Escape with us!
We are pretty excited about our new video showing just a few of the things we do here at Adventures Newfoundland . It covers the stunning scenery of Exploits Island and some of the activities you can experience with us. Featuring our remote accommodations at Surgeon Cove Head, displaying some drone footage, the interior of the Inn, and a spar and boom clip showing the way we have to get supplies to the top. Music is the Wedding Gift by @rawlinscross . The video was produced by Warren Robertson of Scope Digital Media
Stay at the Historic Surgeon Cove Lighthouse
The first Newfoundland lighthouse was established at Fort Amherst at the entrance to St. John's harbor in 1833. As a result of a rapidly expanding fishery and increased marine activity, numerous light stations were constructed along the NL coastline during the years that followed. In 1938, 238 lights were identified on a published list. In 1911 the Surgeon Cove Point lighthouse and lightkeepers residence was constructed on Exploits Island, Bay of Exploits.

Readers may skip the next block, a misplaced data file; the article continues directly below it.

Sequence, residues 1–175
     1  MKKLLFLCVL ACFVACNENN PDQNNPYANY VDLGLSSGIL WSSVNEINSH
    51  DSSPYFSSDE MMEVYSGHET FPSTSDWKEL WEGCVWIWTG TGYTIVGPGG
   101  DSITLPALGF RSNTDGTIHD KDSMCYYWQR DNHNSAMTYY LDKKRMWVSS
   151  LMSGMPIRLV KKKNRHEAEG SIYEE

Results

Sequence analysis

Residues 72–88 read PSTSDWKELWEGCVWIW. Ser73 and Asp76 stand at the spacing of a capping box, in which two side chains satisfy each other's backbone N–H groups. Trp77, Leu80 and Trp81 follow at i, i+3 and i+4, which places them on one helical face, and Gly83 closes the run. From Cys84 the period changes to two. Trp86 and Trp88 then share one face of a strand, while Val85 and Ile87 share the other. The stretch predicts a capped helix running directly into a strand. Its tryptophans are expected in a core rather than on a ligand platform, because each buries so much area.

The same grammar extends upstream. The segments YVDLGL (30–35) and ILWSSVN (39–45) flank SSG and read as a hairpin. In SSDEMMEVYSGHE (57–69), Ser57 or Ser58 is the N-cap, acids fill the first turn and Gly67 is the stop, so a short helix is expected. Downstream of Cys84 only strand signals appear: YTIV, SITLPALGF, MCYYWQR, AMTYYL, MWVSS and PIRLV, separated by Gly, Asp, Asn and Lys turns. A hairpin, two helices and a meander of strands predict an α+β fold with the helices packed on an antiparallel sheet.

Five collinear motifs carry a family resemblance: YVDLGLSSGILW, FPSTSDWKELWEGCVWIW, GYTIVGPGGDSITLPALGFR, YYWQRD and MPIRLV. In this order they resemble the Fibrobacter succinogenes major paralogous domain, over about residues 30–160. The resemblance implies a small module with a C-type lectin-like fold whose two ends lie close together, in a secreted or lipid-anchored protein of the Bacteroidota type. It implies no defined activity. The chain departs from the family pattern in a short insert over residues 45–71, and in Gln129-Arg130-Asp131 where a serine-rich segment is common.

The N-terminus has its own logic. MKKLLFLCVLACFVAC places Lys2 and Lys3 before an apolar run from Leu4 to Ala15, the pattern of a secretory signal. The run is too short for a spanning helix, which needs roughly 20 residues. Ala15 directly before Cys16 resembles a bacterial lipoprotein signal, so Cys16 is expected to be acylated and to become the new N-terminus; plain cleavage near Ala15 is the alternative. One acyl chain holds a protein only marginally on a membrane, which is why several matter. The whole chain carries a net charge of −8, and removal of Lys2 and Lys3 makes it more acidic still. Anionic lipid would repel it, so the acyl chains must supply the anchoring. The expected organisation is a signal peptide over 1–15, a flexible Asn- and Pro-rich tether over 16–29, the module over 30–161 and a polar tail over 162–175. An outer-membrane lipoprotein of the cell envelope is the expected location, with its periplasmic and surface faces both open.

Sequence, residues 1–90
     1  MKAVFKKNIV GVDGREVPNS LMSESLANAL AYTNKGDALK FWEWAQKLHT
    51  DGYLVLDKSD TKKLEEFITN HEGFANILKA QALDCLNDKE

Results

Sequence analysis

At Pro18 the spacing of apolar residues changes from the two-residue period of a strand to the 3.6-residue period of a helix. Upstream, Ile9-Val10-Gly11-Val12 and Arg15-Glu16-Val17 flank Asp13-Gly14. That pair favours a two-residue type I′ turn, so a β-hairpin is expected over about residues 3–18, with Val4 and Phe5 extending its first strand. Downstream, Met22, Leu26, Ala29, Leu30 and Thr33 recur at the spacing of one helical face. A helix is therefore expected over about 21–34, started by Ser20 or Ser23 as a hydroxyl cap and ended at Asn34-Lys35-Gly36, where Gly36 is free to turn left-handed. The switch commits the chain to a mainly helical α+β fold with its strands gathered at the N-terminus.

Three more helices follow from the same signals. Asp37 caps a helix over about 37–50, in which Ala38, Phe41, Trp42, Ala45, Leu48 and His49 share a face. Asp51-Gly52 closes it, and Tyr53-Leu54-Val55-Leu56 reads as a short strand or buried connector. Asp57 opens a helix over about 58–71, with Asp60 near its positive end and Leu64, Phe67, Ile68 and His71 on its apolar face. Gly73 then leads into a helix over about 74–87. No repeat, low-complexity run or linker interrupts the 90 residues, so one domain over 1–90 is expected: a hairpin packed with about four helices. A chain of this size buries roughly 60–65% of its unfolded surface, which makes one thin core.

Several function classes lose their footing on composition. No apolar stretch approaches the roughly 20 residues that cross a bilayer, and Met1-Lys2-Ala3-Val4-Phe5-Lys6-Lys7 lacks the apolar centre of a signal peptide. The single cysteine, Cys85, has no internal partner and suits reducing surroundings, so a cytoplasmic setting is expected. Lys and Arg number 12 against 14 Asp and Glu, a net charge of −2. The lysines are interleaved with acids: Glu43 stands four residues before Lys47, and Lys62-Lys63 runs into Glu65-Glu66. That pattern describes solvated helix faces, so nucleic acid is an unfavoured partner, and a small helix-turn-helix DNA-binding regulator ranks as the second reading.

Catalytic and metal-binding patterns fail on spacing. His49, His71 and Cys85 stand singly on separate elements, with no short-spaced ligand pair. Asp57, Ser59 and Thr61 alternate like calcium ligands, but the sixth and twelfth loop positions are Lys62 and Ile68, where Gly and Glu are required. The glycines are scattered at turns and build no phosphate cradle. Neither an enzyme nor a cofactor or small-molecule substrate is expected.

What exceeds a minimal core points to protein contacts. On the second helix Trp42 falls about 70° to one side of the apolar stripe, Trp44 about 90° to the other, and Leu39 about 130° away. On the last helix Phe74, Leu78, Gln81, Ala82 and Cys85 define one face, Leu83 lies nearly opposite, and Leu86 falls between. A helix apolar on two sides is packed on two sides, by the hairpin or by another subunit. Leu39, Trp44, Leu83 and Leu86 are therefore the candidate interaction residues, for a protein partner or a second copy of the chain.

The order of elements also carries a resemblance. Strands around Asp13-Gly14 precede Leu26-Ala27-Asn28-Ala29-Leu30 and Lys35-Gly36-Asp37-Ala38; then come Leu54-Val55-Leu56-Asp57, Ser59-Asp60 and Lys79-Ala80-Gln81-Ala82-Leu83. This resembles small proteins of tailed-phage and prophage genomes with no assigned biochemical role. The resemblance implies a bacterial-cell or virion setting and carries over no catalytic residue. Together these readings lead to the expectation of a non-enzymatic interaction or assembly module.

the lighthouse and exploits
The 4.2 km lighthouse trail begins at Butt’s Cove in the community of Exploits now a seasonal destination in summer months; no permanent year round residents remain. A narrow strip of rocky coastline on both sides of the harbor is lined with former homes, many having been refurbished and now used as summer houses. Although little cultivatable land is available, botanical evidence of former small gardens can readily be seen. A walk along the community paths reveals old cultivated roses, garden Black Currants, patches of Chives, Monkshood, Musk Mallow, Hops vines, Rhubarb, and even a gnarled apple tree. Stinging Nettle, perhaps once utilized as an edible herb or for its many reported medicinal uses, occurs everywhere in the community. A close look at some of the plants, especially in the sunnier open areas near the communities or lighthouse at the other end of the trail, often reveals plant-eating insect larvae. Larch sawfly larvae were feasting on a Larch tree in Butt’s Cove. Black Swallowtail Butterfly and Tiger Swallowtail larvae were visible on Scotch Lovage and poplar leaves respectively.